A few brief notes before the post. First of all, despite the fact that I am about to talk about some hard parts of pregnancy, I am NEVER not grateful. I do not take it for granted that I have gotten pregnant four times and so far have had three live and healthy babies. I know that is not everyone’s happy story and I have heard many of your stories and prayed with and for you as well. Knowing that I even have a pregnancy, difficult or no, is a blessing, despite the fact that this may sound whiny to some of you. Which brings me to my second point: I am about to talk about some things that are difficult for me. I don’t write it because I want to vent or because I am trying to drum up a lot of “we love you’s” or throw myself a pity party. I am writing very honestly about this because I know that there are other women out there who might be feeling some of these same things. Many of whom have it MUCH worse than I do. But better or worse, I think there is something special that happens when you know you’re not alone, when you know you have a community or even one other person who can say, “I know,” and mean it. I write this for you.
“She’s got that glow!”
That has to be one of the most overused phrases (both in movies and in real life) for pregnancy. Like any cliched phrase, there is some truth to it. Often pregnancy does result in a sort of glow. Sometimes from joy and sometimes from hormones and the sheer miracle (and it is a miracle) of your body growing another living person. Other times that glow is just the sheen of sweat because that beautiful pregnant woman has been vomiting all morning.
Sure, there are women who rock right on through pregnancy with beauty and poise. Some walk red carpets and look beautiful and radiant just days away from having a baby. Whether or not they really feel as amazing as they look, these women, remains to be seen. Perhaps five minutes after walking the red carpet that woman is crying and peeling off her dress so she can breathe again and asking someone to please for the love of all that’s holy rub her aching feet. That woman who seems to breeze right through pregnancy might actually be suffering, just in the privacy of her own home. (Click to Tweet)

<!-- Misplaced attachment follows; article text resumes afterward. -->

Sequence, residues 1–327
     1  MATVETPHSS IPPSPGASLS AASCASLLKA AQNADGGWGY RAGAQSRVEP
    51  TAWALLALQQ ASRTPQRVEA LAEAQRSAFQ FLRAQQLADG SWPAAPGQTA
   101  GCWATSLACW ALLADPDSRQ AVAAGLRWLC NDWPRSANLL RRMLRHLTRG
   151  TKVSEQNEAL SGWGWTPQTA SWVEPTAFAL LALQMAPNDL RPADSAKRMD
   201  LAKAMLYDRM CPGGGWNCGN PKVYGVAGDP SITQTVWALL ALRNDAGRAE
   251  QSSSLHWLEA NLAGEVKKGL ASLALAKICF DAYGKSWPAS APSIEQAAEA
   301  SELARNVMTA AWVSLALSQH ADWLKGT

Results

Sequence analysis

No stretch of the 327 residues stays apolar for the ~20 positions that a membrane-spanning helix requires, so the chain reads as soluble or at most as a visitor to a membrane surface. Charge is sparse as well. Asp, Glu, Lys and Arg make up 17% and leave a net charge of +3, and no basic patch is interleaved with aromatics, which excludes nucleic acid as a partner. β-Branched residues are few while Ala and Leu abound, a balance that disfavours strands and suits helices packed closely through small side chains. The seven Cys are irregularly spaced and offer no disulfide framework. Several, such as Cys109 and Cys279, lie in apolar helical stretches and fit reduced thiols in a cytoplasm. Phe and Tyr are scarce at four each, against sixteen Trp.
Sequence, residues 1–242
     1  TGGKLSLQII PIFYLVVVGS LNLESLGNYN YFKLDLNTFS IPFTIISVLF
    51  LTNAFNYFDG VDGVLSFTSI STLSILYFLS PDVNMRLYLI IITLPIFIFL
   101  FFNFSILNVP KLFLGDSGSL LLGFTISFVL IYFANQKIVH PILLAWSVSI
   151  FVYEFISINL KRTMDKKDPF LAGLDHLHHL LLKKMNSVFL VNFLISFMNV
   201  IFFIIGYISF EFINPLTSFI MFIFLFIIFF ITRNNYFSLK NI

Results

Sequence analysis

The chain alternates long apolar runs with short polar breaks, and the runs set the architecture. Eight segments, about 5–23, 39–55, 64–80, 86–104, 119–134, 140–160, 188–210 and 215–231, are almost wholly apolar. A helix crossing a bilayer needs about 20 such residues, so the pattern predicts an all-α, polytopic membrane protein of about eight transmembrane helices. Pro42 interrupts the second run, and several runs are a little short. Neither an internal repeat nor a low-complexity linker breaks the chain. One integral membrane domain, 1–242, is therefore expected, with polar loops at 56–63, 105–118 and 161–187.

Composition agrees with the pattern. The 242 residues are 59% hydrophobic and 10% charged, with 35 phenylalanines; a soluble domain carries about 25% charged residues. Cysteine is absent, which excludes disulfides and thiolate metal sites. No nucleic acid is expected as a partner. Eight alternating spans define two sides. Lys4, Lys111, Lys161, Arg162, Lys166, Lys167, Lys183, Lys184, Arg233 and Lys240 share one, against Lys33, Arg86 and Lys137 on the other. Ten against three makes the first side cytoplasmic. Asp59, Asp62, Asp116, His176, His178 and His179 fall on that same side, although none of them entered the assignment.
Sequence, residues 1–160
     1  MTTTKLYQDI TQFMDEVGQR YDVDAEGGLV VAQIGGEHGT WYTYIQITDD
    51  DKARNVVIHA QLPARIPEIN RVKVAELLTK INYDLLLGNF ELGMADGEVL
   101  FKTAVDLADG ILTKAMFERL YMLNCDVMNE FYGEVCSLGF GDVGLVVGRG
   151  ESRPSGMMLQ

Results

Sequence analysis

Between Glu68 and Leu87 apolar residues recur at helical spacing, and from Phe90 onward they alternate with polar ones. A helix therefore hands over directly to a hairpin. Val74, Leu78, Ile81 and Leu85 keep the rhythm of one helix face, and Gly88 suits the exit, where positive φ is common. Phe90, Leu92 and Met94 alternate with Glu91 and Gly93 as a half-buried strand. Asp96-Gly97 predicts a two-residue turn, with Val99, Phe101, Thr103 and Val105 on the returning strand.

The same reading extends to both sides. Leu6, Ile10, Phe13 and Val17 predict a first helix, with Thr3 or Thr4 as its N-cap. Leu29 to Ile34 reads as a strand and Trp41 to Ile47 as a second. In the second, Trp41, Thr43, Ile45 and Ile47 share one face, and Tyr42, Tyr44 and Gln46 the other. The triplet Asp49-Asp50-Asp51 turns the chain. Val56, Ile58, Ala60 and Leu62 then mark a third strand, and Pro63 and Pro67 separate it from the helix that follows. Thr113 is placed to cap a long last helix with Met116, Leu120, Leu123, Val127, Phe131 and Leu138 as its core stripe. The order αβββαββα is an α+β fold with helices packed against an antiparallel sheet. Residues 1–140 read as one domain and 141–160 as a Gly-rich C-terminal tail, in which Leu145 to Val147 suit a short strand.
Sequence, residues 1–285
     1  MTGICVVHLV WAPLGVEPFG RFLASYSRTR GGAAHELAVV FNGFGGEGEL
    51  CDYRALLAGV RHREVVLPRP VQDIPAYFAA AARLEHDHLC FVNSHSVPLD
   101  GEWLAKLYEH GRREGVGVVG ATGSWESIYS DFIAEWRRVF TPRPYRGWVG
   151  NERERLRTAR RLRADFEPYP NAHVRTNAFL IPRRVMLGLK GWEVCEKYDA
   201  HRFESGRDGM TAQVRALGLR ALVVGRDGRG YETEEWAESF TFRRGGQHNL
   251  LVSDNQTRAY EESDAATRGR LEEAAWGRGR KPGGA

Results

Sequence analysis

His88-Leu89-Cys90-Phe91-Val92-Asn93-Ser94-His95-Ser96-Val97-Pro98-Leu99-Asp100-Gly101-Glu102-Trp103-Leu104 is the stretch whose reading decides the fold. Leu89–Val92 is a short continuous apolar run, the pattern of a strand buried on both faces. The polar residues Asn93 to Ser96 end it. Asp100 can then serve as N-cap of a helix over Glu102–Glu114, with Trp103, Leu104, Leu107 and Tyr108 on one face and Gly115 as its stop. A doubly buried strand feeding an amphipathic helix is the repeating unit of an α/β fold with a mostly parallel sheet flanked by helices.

Last week, I found myself almost crying in the dressing room of a Target in Orlando. I stood there, alone, looking at myself in the mirror. I don’t tend to look in the mirror that often while pregnant. I don’t feel like I’ve got a glow. (Click to Tweet) What I do have is a tendency to gain more weight that’s recommended, to swell up in the third trimester as soon as it gets warm outside. I get comments like, “Due any day now?” consistently when I’m 30 weeks pregnant. Surprised looks when I say, “Nope. Three months to go.” I avoid mirrors during pregnancy.
But after the move I couldn’t find bathing suits before our trip to Florida. So I grabbed a few tops to try on, a few bottoms, and a few athletic shorts just in case I couldn’t handle bathing suit bottoms. I tried on a few things and I looked, really looked in the mirror. There was no glow. Instead, there were legs, ankles, and feet that had swollen up on the car ride, despite frequent stops. That stayed swollen in the 80-90 degree heat. I had no ankles. I had no knees. Just swollen, enormous legs.
I don’t feel beautiful when pregnant. Am I alone? (Click to Tweet)
It could be worse. I know women who showed up at church Sundays looking happy and radiant, but who confessed that they were so sick throughout pregnancy that doctors recommend they don’t try again. I know women who vomited all forty weeks, who were on bed rest for months to keep the babies inside. Swelling isn’t so bad, really, other than the fact that it’s humiliating and painful. It hurts, and it also reveals just how vain I am. You never realize your own vanity until it is stripped from you, until you stare at yourself in a Target mirror and can’t find your knees. (Click to Tweet)